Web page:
He gets the department of social services, schools and other agencies to send him all of the records they have on the child, and then he spends eight to ten hours constructing a “life chart”. As might be expected, the charts regularly tell of children who have been sexually abused, physically abused, and horribly neglected. But Stanton also tracks their medication history and how their behavior may have changed after they put on a particular drug, and given that they children who arrive at Seneca Center are seriously disturbed, these medical histories regularly tell of psychiatric care that has worsened their behavior. The children regularly arrive at the center on drug cocktails, and thus It can take a month or two to withdraws the medication. And often they do become more aggressive for a time.

“Most times when the kids come in, they can’t keep their heads up, they are lethargic, they are just a blank and there is minimal engagement. You just can’t get through to them. But when they come off their meds, you can engage them and you get to see who they are. You get a sense of their personality, their sense of humor, and what kinds of things they like to do. You may have to use psychical restraints for a time, but to me, it’s worth it”.

Once they are off meds, the children begin to think of themselves in a new way. They see that they can control their own behavior, and this gives them a sense of “agency”, Stanton said. The Seneca center uses behavior-modification techniques to promote this self-control, with the children constantly having to abide by a well-defined set of rules. They have to ask permission to go to the bathroom and enter bedrooms, and if they don’t’ comply with the rules, they may be sent to a “time-out” or lose a privilege.

But the staff tries to focus on reinforcing positive behaviors, offering words of praise and rewarding the kids in various ways. The children are required to keep their rooms clean and perform a daily chore, and at times they will help prepare the evening meal.

“The question of feeling in charge of yourself and being responsible for yourself is the central issue in their lives.” Stanton said. “They may only partially get there while they are with us, but when we are really successful, we see them develop this sense of “O, I can do this; I want to be in control of myself and my own life”. They see themselves as having that power”.

Even more important, once the children are off the medications they are better able to form emotional bonds with the staff, and the staff with them. They have known rejection all their lives, and they need to form relationships that nurture a belief that they are worthy of being loved, and when that happens, their “internal narrative” can switch from “I’m a bad kid” to “I’m a good kid”.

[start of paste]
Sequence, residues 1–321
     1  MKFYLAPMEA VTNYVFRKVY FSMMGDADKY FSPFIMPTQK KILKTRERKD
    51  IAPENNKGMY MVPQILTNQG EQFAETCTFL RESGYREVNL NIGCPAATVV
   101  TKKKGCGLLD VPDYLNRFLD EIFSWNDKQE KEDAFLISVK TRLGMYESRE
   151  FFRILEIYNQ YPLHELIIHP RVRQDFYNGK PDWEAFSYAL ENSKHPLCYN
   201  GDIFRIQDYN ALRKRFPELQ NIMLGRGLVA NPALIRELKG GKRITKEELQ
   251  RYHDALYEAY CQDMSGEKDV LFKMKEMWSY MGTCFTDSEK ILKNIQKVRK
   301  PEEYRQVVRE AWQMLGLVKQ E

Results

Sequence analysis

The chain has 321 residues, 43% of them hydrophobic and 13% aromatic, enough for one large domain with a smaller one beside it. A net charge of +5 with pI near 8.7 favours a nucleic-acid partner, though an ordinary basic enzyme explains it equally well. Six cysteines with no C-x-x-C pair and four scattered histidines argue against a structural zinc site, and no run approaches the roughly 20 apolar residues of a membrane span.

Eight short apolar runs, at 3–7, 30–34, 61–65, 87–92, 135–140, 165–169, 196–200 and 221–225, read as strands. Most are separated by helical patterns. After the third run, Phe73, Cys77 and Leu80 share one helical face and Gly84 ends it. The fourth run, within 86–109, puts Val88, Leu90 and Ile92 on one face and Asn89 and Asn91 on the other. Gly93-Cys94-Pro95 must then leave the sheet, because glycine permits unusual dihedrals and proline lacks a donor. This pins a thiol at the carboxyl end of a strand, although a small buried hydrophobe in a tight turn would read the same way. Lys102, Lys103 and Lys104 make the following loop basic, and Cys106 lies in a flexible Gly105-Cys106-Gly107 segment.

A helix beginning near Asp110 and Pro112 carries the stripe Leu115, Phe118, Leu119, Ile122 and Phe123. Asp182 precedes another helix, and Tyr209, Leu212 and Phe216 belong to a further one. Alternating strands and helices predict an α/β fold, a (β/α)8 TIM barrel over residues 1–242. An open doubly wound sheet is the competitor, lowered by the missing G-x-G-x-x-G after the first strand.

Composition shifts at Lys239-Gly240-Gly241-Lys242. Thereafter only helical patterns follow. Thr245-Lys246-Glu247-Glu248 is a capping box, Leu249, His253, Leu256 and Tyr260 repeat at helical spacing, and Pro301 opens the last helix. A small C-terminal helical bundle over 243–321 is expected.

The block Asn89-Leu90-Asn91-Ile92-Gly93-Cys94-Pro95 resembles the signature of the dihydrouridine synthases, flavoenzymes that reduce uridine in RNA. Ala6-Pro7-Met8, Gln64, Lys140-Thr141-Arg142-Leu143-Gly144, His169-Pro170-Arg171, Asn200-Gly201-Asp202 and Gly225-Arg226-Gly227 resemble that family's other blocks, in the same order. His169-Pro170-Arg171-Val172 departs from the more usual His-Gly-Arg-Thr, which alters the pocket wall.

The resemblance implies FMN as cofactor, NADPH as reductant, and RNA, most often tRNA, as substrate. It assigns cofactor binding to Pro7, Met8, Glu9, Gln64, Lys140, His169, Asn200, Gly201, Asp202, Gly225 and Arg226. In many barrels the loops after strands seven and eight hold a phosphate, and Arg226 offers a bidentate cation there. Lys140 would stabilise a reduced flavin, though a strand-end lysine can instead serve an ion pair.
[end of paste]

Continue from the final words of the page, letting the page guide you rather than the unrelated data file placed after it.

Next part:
Please, read the rest of the book by Robert Whitaker “Anatomy of an Epidemic” for more thorough understanding of mental health situation in the United States.

Anatomy of an Epidemic (Part Four)

In his book Anatomy of an Epidemic Robert Whitaker talks about best practices from around the world in treating depression and other mental disorders. One of them is from Finland:

The Turku psychiatrists decide on treatment based on case specific, but most important, they settled on group family therapy – of a particularly collaborative type – as the care treatment. Psychiatrists, psychologists, nurses, and others trained in family therapy all served on two- and three-member “psychosis teams”, which would meet regularly with the patient and his or her family. Decisions about the patient’s treatment were made jointly at those meetings. In those sessions, the therapists did not worry about getting the patient’s psychotic symptoms to abate. Instead, they focused the conversation on the patient’s past successes and achievements, with the thought that this would help strengthen his or her “grip on life”. The hope is that they haven’t lost the idea that they can be like others. The patient might also receive individual psychotherapy to help this process along, and eventually the patients would be encouraged to construct a new “self-narrative” for going forward, the patient imagining a future where he or she was integrated into society, rather than isolated from it.